Must Have Business Contracts To Avoid Future Pain
Are your business interests protected? Here are some of the contracts you need to safeguard your rights and protect your investment…
Are you going into business with a partner or a friend?
Are you hiring an independent contractor to do work for your business?
Is there more than one shareholder in your company?
Whatever the case, you need to make sure your business interests are protected. Business agreements can safeguard your rights and investment from the outset of any arrangement.
The rights and responsibilities of those involved must be spelled out clearly before the work starts to ensure clarity.
To prevent minor misunderstandings from turning into full-blown disputes, we have made the following list of business agreements that you and your partner(s) can use to protect your business interests.
Depending on your business, one or a combination of the following agreements may suit your needs.
- Joint venture agreement:
You enter a joint venture for a specific project. There is a time limit on joint ventures, and they have clearly stated limits on their purposes. Two or more companies might enter a joint venture in order to make a product or produce a service that they don’t have the ability to exercise on their own.
A joint venture is different to a partnership.
In a partnership, the two organisations have joint interests in the project and are severally liable for the expenses of the project. In a joint venture, the organisations usually have defined interests and are usually liable for their own debts, which they incur individually.
- Mutual non-disclosure agreement:
If you are in a discussion with two or more parties in relation to business, you can maintain confidentiality by signing a ‘mutual non-disclosure agreement’. This prohibits the parties from discussing the information elsewhere and has serious consequences if breached.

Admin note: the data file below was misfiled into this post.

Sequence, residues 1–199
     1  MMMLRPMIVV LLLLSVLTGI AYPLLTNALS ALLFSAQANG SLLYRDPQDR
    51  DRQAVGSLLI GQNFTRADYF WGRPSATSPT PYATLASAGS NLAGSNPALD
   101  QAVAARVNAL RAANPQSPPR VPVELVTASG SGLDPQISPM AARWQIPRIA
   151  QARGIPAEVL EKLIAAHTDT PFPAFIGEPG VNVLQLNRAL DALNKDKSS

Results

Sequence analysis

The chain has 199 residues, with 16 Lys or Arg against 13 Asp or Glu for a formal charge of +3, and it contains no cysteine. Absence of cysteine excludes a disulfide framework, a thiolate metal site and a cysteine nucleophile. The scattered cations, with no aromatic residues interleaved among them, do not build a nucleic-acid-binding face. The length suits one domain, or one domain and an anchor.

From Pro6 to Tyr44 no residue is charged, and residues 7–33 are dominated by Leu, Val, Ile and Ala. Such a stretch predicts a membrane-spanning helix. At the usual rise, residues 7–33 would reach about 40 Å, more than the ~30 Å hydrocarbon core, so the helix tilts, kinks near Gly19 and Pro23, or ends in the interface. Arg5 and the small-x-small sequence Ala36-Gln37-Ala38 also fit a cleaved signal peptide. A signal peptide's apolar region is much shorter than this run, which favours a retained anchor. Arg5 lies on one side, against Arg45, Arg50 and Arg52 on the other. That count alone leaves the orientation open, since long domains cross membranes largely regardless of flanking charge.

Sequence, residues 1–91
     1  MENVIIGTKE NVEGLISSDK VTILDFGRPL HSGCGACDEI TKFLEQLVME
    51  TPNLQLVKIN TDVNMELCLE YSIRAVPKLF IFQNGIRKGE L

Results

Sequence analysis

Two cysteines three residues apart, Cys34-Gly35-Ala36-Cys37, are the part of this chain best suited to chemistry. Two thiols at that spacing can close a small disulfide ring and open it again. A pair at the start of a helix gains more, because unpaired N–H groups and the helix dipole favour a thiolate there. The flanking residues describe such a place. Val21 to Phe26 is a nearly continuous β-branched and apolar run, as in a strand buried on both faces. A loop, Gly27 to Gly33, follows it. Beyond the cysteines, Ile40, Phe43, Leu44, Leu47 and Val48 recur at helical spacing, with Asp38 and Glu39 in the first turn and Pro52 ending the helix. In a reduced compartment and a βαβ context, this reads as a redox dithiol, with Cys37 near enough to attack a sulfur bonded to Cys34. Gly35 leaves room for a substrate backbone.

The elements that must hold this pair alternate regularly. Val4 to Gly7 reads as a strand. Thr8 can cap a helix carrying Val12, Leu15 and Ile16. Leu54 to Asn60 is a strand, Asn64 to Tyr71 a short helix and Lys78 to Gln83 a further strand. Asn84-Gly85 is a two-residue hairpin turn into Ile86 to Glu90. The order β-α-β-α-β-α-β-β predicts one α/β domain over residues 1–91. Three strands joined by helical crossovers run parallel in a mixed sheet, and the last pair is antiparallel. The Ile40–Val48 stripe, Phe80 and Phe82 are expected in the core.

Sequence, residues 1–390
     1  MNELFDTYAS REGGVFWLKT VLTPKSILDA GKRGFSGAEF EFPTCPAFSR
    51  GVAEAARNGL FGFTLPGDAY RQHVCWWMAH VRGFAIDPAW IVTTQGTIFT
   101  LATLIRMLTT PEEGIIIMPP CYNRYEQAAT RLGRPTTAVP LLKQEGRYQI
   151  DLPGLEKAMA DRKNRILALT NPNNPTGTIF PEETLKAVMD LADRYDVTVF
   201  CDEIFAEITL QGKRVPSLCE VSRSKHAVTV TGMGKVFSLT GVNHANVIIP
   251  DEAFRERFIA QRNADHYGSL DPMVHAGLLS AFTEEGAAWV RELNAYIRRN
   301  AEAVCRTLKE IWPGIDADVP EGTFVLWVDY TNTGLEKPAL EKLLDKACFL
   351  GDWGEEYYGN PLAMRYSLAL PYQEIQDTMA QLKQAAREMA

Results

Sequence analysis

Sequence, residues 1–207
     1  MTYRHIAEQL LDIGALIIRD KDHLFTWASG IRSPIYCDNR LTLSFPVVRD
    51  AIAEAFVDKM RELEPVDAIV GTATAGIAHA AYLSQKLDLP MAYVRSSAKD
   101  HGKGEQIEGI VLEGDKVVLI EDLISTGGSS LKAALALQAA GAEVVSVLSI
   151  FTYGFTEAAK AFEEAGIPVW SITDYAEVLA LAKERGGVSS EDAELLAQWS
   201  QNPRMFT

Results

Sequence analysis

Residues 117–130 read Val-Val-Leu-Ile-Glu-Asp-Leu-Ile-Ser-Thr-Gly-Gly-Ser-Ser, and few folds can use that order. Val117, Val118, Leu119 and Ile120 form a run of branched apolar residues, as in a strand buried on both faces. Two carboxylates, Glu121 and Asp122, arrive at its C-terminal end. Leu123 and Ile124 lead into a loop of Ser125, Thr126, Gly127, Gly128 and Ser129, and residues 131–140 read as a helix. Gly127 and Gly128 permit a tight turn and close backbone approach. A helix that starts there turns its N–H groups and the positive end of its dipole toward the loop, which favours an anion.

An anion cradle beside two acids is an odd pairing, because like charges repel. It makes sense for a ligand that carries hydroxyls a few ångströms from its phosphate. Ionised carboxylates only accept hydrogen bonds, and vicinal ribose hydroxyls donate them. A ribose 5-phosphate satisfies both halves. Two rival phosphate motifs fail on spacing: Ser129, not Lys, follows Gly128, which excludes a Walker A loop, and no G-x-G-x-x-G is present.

- Operating agreement:
An operating agreement is an agreement among limited liability companies (LLC). This is an agreement between an organisation’s members governing the business processes and members’ rights.
It allows you and your stakeholders to structure financial operations and working relationships in the best interests of your business. Many issues must be covered in the LLC Operating Agreement. Some of them include:
- Each member’s ownership expressed as a percentage
- The members’ responsibilities and voting rights
- A layout of the duties and powers of members
- The profit and loss allocation among members
- The rules related to holding meetings and taking votes
- The issues related to the management of the LLC
- Buyout and buy-sell provisions, when a member wants to leave and sell his/her share; also should include what will happen in the event of a member’s death.
- Independent contractor agreement:
An independent contractor is a natural person, business, or corporation that provides goods or services to another entity under terms specified in a contract or within a verbal agreement.
However, it is beneficial for your business to have any agreement in writing.
Having an independent contractor agreement in writing will help to prevent misunderstandings or disputes by making the agreement clear from the outset, detailing payments, time-frames and work to be performed under the contract.
Further, if a business subcontracts someone, the agreement has to cover who owns the intellectual property which is created throughout the relationship and who owns the intellectual property once the employment is terminated.
- Partnership agreement:
What is a partnership agreement? A partnership is between two or more competent persons to place their money, effects, labour, and skill — or some or all of them — in lawful commerce or business, with the understanding that there shall be a proportional sharing of the profits and losses between them.
Even though the Partnership Act 1892 governs the operation of partnerships, it is important for you and your business to have a ‘partnership agreement’ in place to ensure all parties have enforceable rights and are protected from harm should unforeseen circumstances arise.